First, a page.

Are the software police getting ready to kick down your door? Every month, the Business Software Alliance issues another batch of sobering press releases spotlighting companies that were forced to pay huge fines and suffer public humiliation because they allowed employees' unlicensed software to spread throughout the company. Fast-growing, small- and medium-size companies are especially vulnerable.
The challenge I posed two weeks ago came from a TechRepublic member who was growing concerned that he wasn't properly managing software on his 30-user network. He asked: Are there software management tools that can help a company that's not in the Fortune 500?
As fellow TechRepublic members made clear in a wide-ranging set of responses, managing software licensing intelligently really requires three separate initiatives:
1. Set up some best practices. The common thread among all the responses was simple: Take the issue seriously. Make sure you have well-documented policies and procedures in place. Communicate those policies to all users in the company. Mnjohnson sends a link to the Business Software Alliance's Guide to Software Management . Although the tone is occasionally overbearing, the checklists, forms, and sample policies are a great starting point.
2. Begin using a good monitoring tool. A surprising number of you think the job is simple enough to handle with an Excel worksheet or a quick-and-dirty Access database. Frankly, I'm skeptical of any solution that informal, especially because it's in danger of collapsing if the company grows too fast and the job has to be handed over to a new employee. The third-party software suggestions were much more creative and covered every imaginable budget:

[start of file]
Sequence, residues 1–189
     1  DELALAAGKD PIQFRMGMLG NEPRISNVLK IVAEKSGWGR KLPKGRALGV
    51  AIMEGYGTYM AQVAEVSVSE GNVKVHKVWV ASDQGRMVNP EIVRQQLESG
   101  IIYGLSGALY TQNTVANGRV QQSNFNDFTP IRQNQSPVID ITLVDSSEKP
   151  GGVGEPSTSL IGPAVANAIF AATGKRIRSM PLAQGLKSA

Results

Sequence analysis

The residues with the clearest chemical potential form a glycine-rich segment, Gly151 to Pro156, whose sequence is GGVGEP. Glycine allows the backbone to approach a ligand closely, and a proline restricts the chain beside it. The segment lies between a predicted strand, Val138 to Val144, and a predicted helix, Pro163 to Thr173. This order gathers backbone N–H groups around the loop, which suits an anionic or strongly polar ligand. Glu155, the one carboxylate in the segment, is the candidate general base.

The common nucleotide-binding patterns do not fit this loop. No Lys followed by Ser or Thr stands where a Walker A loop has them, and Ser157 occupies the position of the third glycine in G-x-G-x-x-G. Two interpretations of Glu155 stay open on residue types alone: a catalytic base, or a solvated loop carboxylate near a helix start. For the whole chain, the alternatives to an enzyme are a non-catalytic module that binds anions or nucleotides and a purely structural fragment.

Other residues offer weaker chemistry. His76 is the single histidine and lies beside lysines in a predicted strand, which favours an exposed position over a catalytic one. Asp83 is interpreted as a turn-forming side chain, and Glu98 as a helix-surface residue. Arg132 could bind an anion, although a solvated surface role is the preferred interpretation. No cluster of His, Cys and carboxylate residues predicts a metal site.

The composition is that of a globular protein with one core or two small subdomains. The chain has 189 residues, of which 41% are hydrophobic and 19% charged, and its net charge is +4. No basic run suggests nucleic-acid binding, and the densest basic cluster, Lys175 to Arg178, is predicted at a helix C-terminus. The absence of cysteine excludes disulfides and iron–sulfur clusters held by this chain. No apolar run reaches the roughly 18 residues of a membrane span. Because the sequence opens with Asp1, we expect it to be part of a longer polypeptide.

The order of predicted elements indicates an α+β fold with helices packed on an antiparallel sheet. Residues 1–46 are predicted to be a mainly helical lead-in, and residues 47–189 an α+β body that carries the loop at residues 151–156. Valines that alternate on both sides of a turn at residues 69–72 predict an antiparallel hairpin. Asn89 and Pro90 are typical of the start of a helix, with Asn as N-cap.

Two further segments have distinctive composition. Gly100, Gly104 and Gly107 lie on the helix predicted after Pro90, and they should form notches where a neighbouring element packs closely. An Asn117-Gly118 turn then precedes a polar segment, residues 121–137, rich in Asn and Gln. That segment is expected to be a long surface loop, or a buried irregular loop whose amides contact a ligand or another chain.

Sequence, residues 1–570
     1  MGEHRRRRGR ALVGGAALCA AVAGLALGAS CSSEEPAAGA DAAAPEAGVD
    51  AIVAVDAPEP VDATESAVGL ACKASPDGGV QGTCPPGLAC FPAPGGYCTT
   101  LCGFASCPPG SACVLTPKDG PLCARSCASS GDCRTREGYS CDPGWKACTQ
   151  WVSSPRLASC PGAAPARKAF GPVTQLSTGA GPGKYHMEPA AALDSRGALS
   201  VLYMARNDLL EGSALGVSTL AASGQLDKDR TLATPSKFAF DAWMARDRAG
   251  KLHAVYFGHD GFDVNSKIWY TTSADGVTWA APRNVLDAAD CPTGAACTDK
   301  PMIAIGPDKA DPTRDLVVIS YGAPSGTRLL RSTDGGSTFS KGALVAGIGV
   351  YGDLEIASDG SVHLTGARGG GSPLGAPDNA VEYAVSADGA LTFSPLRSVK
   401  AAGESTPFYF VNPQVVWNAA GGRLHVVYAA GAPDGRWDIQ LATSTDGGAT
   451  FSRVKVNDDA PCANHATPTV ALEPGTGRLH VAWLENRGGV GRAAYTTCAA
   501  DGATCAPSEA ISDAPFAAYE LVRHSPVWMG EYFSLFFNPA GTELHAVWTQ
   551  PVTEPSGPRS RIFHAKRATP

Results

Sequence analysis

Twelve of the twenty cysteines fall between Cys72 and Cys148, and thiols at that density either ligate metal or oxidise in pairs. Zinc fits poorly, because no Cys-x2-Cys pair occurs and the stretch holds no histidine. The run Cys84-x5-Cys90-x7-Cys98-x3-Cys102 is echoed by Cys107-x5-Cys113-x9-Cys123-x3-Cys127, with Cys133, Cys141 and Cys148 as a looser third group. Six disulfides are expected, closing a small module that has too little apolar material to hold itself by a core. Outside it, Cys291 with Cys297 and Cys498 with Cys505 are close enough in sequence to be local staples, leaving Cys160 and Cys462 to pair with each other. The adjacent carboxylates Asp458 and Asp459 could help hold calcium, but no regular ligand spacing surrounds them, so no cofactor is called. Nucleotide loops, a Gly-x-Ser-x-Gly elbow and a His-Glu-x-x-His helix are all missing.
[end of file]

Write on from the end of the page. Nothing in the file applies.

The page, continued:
- Mtassin suggests installing WRQ's Express Software Manager, roughly $50 a seat, which has the advantage of being officially endorsed by the Software Publishing Association as its recommended anti-piracy software.
- Ec364 suggests Track-It! from BlueOcean Software. For $995, you get a multi-user pack that works with all versions of Windows and includes Audit licenses for up to 100 PCs.
- Just want to replace that worksheet with a canned database application? Kc suggests Software Tracker v2.1, for a mere $16.95, from Duck Software.
- And if even that is too much for this year's budget, download a free version of Attest Systems' GASP from the BSA Freeware page. The BSA version is free for auditing up to 100 systems for up to 60 days, after which you need to pony up $649 for a 20-user license. Thanks to image for the tip.
3. Get your users under control. Although TechRepublic members suggested a variety of ways to lock down user machines, the most practical advice came from timgray: "Your users will install software without your knowledge, even if you have sent countless memos about firing, floggings, or public humiliation if the employees install software. First, install Windows NT or switch to a UNIX platform. You need an operating system that will let you 'lock out' everything but what the user needs to get their job done. Next, run monthly audits. Do blanket delete sessions on user directories. Notify them that if it isn't an accepted file type, it will get erased, deleted, trashed forever. Finally, never be stingy on software. If Dan from marketing asks for Photoshop 5.5, BUY IT! Don't hem and haw about a measly $500 program."
That's first-rate advice. Thanks (and 500 TechPoints) to all who contributed to this week's Challenge.
Here's Ed's new Challenge
A reader tells me he's ready to ditch his 6-GB IDE drive in favor of a screaming 18-GB SCSI drive. But he doesn't want to go through the hassle of reinstalling Windows 2000 and all his software and customizations. What's the best way to move everything from his old drive to his new one so he can resume working without missing a beat? If a third-party utility is the answer, make sure it's compatible with Windows 2000. I'll award a total of 1,500 TechPoints for the most elegant solutions. Click here to tackle this week's Microsoft Challenge.